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Discussion Starter · #1 ·
My horse was a hot mess when I got him, but he is a lot better. His neck isn't so upside down, he holds his head low, is giving to the bit, very willing etc. the only problem is cantering. Now before I describe the problem, know that I am a good rider with a trainer, and plenty of experience. This horse is a Spanish Arabian (or that's what his owners told me... I can see lots of Arabian but I see some foundation quarter horse, big muscular butt, shorter legs, but Arab movment) and is never ending energy, very intelligent and VERY easily bored. He was not only gelded late, he had horrible training.
He has made massive progress, but he runs off in the canter ONLY in the arena. I ask (gently, he moves great off leg pressure) and he freaks. He runs into it, then try's to gallop off into the wild blue yonder. After a few minutes of this, be kinda centers himself and is easier to control. He is heavy in my hands when he does this, and very hard to stop or slow down. At first I thought pain, buts that's ruled out. Then I thought it was fear. Also ruled out. Then I thought serious rider error. I'm not the best, but once again ruled out. he has NO balance in th canter, and no idea how to find it. He falls in on turns and just goes faster and faster. I have tried to do downward transitions from the canter, but he just melts into a jittery, hot mess. I heard that lunging on a hill might help.
And PLEASE, before you respond telling me I'm awful, my horse needs a new owner, or he is not the right horse for me, just try to remember how much progress he as made. He no longer bucks, rears, randomly bolts through solid objects, kicks, bites, rolls, and he can now w/t on a loose rein reliably, with good quality of movement. He is unrecognizable compared to before I got him.
 

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Discussion Starter · #3 ·
Yes, and it generally goes well.
 

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Drawing from past experience - I would say he's always been rushed into the canter. Possibly did not 'want to' when initially trained thus was pushed and not worked in stages until he was balanced to canter properly while supporting a rider. To add insult - the rider probably was not balanced either.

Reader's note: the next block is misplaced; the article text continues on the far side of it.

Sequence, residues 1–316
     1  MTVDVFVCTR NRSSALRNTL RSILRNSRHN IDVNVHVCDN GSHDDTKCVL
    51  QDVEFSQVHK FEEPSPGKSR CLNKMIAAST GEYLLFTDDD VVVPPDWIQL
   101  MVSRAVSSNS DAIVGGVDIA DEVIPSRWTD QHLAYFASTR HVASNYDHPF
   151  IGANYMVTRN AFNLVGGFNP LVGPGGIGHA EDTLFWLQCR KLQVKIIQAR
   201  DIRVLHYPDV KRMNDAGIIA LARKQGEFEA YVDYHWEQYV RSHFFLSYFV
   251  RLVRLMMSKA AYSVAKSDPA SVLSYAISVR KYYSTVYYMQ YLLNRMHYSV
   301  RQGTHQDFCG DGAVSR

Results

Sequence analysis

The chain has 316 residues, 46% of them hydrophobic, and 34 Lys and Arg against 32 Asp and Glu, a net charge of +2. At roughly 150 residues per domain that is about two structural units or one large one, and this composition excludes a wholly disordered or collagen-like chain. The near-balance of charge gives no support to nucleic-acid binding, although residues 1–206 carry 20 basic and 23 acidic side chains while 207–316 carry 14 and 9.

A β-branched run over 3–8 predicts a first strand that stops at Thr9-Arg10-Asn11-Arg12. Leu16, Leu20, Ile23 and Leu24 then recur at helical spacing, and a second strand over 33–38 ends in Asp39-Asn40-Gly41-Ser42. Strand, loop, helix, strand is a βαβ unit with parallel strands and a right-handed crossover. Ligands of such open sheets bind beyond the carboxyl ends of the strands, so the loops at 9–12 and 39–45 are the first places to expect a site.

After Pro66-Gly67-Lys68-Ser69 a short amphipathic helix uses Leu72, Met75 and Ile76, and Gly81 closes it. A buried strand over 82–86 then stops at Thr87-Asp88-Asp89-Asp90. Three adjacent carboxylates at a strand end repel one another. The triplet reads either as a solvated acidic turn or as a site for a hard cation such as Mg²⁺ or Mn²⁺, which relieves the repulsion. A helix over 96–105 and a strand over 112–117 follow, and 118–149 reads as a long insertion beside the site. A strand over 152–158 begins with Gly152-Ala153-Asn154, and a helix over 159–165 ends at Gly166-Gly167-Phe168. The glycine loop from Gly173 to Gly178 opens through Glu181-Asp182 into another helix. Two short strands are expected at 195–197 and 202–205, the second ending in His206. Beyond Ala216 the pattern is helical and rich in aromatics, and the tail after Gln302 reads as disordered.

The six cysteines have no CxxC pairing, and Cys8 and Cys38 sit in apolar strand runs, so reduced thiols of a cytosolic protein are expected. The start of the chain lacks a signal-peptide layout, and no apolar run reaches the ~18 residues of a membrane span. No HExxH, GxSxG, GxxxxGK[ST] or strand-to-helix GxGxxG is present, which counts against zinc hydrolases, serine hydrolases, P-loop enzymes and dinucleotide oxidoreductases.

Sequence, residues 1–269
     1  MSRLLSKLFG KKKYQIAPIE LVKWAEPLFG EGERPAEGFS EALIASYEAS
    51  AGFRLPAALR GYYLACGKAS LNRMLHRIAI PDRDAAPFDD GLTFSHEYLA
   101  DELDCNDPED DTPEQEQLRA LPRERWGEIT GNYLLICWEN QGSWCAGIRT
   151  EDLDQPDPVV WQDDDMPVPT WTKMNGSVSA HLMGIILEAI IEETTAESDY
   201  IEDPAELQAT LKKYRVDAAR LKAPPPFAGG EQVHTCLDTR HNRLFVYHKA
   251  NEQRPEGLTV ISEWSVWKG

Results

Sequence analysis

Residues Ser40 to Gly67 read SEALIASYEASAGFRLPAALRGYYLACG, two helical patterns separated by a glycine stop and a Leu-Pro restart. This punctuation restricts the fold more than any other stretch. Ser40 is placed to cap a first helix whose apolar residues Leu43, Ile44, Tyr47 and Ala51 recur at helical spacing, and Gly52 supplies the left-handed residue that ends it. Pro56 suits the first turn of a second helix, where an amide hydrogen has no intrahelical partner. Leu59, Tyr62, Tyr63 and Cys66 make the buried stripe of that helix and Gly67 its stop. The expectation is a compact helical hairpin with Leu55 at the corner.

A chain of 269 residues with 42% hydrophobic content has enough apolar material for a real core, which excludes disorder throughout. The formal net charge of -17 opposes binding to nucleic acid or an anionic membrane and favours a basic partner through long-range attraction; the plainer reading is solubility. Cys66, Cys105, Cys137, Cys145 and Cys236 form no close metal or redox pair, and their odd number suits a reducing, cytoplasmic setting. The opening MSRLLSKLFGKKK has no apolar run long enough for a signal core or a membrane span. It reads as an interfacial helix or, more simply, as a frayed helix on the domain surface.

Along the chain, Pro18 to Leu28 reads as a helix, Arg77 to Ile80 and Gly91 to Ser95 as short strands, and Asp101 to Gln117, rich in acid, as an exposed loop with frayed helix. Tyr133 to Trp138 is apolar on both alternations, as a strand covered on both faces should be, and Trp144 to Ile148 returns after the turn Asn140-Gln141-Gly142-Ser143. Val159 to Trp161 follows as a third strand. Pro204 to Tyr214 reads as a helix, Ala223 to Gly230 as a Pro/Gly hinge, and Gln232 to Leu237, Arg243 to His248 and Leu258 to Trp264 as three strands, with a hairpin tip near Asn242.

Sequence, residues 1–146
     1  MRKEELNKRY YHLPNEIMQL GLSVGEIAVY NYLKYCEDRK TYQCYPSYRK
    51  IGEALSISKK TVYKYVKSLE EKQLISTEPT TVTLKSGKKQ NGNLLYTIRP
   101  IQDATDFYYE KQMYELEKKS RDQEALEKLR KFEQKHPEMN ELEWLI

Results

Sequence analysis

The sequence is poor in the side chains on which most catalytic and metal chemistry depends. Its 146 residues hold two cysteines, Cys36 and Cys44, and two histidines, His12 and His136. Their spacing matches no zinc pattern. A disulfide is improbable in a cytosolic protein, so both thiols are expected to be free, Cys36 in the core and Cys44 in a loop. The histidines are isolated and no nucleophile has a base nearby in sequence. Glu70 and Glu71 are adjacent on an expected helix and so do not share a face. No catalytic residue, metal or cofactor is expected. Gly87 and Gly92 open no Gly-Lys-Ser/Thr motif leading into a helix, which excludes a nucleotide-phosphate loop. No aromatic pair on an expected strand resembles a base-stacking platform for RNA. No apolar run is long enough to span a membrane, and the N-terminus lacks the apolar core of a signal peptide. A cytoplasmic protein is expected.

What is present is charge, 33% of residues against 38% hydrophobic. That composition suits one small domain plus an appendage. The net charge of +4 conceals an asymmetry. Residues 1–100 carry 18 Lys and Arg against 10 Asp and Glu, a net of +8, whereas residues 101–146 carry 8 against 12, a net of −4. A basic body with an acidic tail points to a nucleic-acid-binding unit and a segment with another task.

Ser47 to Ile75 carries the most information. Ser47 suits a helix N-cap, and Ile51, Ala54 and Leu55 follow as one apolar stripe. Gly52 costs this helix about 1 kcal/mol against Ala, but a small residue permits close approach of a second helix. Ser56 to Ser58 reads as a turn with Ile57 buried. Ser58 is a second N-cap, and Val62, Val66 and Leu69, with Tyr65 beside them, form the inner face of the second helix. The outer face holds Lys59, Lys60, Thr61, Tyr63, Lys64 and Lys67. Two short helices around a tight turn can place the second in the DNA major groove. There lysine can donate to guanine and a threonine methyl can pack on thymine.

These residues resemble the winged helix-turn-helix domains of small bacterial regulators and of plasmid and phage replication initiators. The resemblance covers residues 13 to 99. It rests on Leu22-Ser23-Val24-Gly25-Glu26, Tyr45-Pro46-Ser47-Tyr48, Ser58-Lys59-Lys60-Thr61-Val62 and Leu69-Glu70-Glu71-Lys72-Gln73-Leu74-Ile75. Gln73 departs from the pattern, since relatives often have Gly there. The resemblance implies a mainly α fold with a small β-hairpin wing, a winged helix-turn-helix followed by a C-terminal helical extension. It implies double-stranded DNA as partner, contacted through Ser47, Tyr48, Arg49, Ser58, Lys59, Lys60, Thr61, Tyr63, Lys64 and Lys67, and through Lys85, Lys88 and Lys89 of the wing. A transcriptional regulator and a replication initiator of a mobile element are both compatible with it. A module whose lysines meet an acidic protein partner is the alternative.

My suggestion -

Start back at the trot. Nice easy, balanced trot, then post hard (really exaggerate your seat) to encourage the canter. Canter a few strides and then bring back to an easy trot, repeat, repeat, repeat.

It's harder to 'untrain' than to train correctly the first time. It will take a while, but it can happen.

Best wishes.
 

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Discussion Starter · #5 ·
Thanks, I will try that :) and yeah, they pulled him outta the field, snipped of his manhood and threw him into barrels.
 

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Discussion Starter · #6 ·
Bump bumpity bump
 

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How long have you been working on this? Some horses just take more time to find balance. Strengthening his inside leg ability will help....lunge him., teaching him to move to the outside with his inside hind leg.

Nancy
 

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Discussion Starter · #8 ·
I have owned him about 6 months, and he has already progressed this much. He picks up VERY quickly.
 

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I think more trot work will help...hills, anything to help him get his balance. Then a lot of transition work as was said before. Trot, halt, back, canter, halt, reverse, trot - etc. Try doing half circles in your arena and not riding the whole thing, mix it up a lot so he doesn't really have time to think about going to fast because right when he does you'll make him zig or zag if that makes sense. Good luck. You're doing a great job with your progress so far. Balance takes TIME. Imagine trying to learn to write, shoot a basketball, paint etc, with your non dominant hand!
 
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